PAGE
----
We will always make mistakes as parents. There is not such thing as a perfect parent. The best we can do is always ask ourselves: Are we benefiting our children with our words and actions, or are we setting them up for potential problems? Do our actions really convey the message we want to teach our child?




Wednesday, February 17, 2016

That One Brief Moment





That one brief moment
How you got here, you do not know
Who moved closer first is a mystery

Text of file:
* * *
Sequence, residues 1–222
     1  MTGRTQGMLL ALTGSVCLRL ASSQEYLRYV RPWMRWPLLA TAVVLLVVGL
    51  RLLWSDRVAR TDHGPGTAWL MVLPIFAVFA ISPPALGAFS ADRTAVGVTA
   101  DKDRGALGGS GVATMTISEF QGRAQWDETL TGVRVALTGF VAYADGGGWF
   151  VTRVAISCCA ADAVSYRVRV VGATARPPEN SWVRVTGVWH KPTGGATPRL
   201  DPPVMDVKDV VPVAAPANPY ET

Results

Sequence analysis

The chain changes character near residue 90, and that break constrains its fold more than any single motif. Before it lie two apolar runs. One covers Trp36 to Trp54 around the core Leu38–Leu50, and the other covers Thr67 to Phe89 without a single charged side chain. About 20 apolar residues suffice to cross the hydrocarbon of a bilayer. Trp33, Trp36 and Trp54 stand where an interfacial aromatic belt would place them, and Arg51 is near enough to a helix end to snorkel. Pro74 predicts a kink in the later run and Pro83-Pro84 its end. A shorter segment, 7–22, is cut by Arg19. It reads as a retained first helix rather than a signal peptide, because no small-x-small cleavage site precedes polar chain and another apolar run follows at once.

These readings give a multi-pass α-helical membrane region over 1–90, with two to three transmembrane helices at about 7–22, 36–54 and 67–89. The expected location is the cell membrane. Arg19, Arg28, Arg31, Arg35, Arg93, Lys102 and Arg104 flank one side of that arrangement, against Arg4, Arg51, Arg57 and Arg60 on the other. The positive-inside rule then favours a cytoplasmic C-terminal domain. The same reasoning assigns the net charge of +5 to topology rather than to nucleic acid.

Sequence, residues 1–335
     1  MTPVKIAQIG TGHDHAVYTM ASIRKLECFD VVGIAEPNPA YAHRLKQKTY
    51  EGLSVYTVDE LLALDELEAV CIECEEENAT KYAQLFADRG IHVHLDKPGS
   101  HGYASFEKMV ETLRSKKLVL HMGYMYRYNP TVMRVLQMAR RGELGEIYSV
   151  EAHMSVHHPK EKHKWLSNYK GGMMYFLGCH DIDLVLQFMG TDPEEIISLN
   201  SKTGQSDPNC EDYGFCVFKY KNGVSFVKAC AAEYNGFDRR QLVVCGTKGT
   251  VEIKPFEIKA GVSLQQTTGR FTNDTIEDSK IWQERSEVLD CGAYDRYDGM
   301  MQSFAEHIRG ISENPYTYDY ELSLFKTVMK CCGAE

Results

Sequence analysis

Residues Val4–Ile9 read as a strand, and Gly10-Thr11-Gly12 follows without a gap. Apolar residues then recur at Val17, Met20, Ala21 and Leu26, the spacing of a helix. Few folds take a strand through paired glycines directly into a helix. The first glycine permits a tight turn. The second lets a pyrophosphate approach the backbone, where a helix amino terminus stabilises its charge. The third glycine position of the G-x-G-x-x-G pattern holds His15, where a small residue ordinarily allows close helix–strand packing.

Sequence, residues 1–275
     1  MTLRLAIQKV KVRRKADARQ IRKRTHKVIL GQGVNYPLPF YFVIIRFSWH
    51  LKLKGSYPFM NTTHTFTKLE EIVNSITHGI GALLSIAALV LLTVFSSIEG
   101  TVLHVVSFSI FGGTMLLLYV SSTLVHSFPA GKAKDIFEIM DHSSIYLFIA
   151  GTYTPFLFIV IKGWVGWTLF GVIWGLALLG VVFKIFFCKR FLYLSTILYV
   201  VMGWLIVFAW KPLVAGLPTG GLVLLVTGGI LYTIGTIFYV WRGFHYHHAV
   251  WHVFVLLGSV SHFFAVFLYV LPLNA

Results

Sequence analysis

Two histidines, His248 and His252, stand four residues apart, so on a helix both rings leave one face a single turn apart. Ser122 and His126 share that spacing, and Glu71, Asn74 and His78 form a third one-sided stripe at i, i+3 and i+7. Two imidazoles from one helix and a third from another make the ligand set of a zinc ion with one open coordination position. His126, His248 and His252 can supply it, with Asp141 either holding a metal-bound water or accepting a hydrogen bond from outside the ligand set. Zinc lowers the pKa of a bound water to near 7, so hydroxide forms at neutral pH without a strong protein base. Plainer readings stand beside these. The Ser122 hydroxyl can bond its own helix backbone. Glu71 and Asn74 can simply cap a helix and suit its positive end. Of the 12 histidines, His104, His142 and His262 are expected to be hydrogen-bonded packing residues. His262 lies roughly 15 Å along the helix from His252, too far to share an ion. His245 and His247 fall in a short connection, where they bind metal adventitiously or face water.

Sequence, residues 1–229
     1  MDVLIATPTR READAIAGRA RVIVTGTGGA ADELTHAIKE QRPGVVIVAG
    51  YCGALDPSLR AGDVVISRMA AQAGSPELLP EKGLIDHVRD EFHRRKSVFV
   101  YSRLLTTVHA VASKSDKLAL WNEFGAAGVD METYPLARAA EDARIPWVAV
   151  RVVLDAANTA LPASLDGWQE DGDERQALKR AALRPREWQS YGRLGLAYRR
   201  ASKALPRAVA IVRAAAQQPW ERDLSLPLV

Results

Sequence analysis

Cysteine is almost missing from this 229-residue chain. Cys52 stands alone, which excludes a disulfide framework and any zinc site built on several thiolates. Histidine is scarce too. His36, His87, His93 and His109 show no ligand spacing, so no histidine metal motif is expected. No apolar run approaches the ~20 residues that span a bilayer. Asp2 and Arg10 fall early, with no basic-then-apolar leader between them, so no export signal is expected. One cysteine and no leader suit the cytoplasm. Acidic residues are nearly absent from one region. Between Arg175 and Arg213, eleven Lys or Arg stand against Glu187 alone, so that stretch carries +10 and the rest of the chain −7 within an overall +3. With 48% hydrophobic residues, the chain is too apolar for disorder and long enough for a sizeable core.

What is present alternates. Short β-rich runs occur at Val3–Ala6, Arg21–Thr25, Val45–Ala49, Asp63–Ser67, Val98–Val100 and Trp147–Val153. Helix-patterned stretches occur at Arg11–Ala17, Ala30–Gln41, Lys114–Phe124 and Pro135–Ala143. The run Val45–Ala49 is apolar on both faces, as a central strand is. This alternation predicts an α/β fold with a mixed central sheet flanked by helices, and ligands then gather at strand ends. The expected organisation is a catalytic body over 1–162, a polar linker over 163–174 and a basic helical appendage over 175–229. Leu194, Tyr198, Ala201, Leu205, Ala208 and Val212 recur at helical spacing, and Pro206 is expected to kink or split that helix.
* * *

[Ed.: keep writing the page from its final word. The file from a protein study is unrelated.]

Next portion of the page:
Yet there you are, face to face
Eyes fluttering, meeting, glancing down,
Then closing
Lips barely a breath away
Anticipation, exhilaration
Fear, certainty

That one brief moment
You don’t know if you should
Take the chance or back away
So there you stay, face to face
Breath shaky, mingling, warming
Closing in
Lips trembling yet not touching
Needing, wanting
Doubting, knowing

That one brief moment.

Tuesday, February 2, 2016

As of yet untitled

Desperately trying to separate
fact from fiction,
fantasy from reality.

But it is not possible.

The truth and the lies
have mingled together
in perfect chaotic harmony,

singing their separate hymns
in melodious discord.

Four unique minds
in two different bodies
entwined within one soul,

forever joined and yet never together.